Interesting Observations on the Math GRE

Forum for the GRE subject test in mathematics.
rsk
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Joined: Sun Sep 14, 2014 6:07 pm

Interesting Observations on the Math GRE

Postby rsk » Wed Oct 01, 2014 8:33 am

So, I've been curious for a while as to how I should BEST focus my study time for the math GRE. Part of this is deciding which subjects deserve focus more than others. I know most people just heuristically follow the "50% calculus, 25% algebra, etc." (except for the 90th percentile hard-chargers out there using Dummit&Foote and Royden to prep, lol). Out of curiosity, I decided to actually go through the 4 exams available and categorize in more detail which subjects get all the attention. The results, in some ways, are a little surprising. I realize that it's difficult to gather statistics from only 4 exams, but it's all we have, so it is what it is there. For those who've taken the math GRE already, if you've noticed significant differences from what's given below, please do feel free to comment. It'll help anyone preparing for this thing.

Now, let me just quickly say how I did this. I decided to break up the vague "calculus" into single variable, multivariable, and differential equations. Questions that looked sort of calculus like, but were more theoretical than you'd see much in a typical calculus class got thrown into the real analysis section (including general topology questions about Rn specifically). Precalculus includes anything that would've likely been covered before college. Abstract algebra includes groups, rings, and fields, with linear algebra getting its own section. Number theory includes anything dealing with digits, prime numbers, divisibility, etc. Set Theory and Logic include questions about evaluating proofs, (general) set properties, and basic logic stuff. Numerical methods includes algorithms, root-finding, and approximations. Topology includes non-Rn stuff only. Everything else is pretty self-explanatory I think.

The numbers given are raw questions, each column representing its given test. Disclaimer: There's bound to be a couple errors in here, as I didn't double-check these. Also, there's obviously some ambiguity as to in which category some questions should be placed. Last: I apologize in advance for the sucky formatting. I was too tired to figure out how to do this in Latex, and couldn't get the align features in BBCode to work.

_____________________________8767___9367___9768___0568

Precalculus__________________10______5_______7_______4
Single-Variable Calculus_____19______23______24_____16
Multi-Variable Calculus_______5_______6_______2_______4
Differential Equations_________2_______1_______0_______1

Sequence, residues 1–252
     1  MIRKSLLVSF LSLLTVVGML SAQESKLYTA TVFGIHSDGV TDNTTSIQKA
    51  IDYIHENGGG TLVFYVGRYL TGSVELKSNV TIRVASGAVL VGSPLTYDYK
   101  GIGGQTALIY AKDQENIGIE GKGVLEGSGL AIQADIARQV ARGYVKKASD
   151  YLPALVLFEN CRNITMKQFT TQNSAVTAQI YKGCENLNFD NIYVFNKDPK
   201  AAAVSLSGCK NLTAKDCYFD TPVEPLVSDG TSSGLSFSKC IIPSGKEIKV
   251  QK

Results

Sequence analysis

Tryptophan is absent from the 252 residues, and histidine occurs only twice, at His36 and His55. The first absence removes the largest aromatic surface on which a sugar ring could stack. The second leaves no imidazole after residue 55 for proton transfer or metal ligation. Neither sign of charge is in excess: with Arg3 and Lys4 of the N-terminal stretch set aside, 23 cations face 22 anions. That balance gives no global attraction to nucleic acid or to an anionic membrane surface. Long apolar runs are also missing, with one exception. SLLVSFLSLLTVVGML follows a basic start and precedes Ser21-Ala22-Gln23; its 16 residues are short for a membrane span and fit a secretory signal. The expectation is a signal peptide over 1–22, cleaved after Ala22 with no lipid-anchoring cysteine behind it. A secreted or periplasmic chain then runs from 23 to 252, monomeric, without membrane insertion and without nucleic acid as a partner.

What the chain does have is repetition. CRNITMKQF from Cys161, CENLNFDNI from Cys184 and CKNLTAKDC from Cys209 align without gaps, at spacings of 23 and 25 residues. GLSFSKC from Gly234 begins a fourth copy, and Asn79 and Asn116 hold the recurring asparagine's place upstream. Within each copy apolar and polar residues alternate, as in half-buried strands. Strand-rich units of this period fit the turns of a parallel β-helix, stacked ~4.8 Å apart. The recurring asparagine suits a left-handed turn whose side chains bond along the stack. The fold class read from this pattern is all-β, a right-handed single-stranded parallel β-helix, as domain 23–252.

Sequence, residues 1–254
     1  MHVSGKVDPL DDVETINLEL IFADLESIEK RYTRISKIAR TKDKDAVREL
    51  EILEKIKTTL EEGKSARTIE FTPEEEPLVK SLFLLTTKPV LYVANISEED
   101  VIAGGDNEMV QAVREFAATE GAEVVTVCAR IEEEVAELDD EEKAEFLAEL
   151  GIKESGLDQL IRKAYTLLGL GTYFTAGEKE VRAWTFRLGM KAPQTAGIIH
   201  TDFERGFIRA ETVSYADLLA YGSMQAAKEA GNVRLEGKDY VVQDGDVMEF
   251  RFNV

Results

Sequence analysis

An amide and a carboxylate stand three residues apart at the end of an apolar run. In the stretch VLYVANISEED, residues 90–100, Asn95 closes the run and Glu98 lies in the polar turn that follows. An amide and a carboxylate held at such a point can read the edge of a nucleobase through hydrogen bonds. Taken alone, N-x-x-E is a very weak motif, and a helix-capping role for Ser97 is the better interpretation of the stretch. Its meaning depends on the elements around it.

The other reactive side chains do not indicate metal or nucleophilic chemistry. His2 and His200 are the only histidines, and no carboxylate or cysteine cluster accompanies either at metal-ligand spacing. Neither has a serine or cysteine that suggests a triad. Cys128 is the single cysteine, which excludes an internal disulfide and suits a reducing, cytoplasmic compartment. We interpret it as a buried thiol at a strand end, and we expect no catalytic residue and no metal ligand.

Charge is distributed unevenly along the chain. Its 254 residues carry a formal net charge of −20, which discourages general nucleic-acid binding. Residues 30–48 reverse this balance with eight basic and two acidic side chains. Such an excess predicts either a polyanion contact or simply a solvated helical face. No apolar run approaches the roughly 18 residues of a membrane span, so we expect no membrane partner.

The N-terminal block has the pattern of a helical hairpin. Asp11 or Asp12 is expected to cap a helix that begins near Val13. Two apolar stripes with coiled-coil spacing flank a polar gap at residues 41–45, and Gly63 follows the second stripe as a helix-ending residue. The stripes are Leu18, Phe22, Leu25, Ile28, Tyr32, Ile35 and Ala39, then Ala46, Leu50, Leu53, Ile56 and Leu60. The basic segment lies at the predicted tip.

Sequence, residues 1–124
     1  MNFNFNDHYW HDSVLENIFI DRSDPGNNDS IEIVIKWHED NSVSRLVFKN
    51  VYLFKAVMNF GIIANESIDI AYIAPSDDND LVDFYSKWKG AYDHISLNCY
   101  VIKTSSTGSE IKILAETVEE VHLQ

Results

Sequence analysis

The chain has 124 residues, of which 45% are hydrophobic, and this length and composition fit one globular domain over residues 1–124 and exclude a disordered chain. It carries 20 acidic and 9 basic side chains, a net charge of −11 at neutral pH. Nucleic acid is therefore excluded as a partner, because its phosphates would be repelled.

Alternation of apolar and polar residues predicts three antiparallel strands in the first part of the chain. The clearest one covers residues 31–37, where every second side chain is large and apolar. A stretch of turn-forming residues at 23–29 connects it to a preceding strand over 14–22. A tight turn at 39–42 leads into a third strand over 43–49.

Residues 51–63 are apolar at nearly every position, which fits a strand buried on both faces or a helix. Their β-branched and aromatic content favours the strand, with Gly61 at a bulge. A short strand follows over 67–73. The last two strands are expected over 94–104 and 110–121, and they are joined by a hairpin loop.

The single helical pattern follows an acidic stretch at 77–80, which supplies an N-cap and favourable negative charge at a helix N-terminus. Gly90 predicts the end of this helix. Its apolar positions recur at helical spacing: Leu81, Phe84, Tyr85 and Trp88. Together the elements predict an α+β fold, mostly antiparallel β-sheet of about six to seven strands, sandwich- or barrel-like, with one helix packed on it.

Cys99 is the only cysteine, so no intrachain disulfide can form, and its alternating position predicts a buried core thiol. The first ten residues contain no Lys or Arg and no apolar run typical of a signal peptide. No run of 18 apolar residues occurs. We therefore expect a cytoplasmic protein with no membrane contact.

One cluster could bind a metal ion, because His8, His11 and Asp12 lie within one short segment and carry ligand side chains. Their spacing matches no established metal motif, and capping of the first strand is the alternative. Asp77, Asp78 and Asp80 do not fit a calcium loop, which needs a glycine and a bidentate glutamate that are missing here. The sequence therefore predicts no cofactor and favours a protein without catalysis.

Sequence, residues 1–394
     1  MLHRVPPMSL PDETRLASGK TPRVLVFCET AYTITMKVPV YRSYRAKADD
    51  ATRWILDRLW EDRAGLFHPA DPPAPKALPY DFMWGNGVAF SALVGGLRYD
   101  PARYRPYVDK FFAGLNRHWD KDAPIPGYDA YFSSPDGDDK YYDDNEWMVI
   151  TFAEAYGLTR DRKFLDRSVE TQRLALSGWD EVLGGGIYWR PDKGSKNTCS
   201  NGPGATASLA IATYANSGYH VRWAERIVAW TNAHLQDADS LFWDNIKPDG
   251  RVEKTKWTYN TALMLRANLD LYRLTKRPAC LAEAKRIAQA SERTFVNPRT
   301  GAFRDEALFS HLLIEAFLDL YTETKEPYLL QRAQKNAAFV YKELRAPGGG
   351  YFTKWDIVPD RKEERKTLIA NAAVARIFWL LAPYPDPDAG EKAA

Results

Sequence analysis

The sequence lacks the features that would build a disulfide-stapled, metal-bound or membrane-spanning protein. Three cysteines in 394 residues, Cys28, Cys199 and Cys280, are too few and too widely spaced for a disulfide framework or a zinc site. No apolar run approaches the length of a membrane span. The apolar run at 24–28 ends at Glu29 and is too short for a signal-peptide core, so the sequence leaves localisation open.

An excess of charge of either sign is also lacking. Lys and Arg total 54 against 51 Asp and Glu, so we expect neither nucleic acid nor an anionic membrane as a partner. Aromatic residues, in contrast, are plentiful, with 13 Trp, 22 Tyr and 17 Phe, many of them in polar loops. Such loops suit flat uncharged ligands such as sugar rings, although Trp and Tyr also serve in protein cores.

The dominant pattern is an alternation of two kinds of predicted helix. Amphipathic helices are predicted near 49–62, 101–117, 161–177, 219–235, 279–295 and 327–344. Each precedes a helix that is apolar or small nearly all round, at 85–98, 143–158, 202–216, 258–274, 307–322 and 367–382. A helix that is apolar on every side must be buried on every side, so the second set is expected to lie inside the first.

Linear Algebra _______________8_______9_______8_______8
Abstract Algebra______________4_______5_______5_______7
Number Theory_______________1_______2_______2_______3
Numerical Methods___________1_______0_______2_______2
Real Analysis_________________3_______2_______7_______9
Combinatorics________________3_______5_______3_______4
Set Theory and Logic__________1_______2_______1_______4
Complex Analysis_____________1_______1_______2_______3
Probability and Statistics_______3_______4_______4_______2
General Topology______________2_______2_______0_______0

If I may hypothesize a little bit, a few things seem worthy of note. First, single-variable calculus is BY FAR the most important piece, covering 1/4 to 1/3 of the exam. In contrast, differential equations, which gets lumped--sadly--under that "50% calculus" chunk, is barely a blip on the radar, and clearly not worth too much study time on its own. After single-variable, linear algebra and abstract algebra are extremely important, at about 1/4 of the test on their own. Again, sadly, number theory gets lumped together with these, yet it shows up only slightly more than DIFF EQ.

Second, if one regards these as a meager time scale over the almost 30 years between these tests (again, only 4 exams, so it's tough), it seems like usual single-variable questions have declined in favor of real analysis type (i.e. more theoretical) questions. Whereas the balance between the two was something like 19:3 in 1987, it seems to have evened out a little more to 16:9 in 2005. In conjunction, multi-variable questions seem to have decreased slightly as well, and similarly for the precalculus questions.

Again, it's tough to speculate too much, but it was interesting to do this. It at least helped me not freak out too much about spending so much time on the single-variable stuff, and reminded me to allot a good chunk of time to linear and abstract algebra as well. At any rate. Hope it helps.



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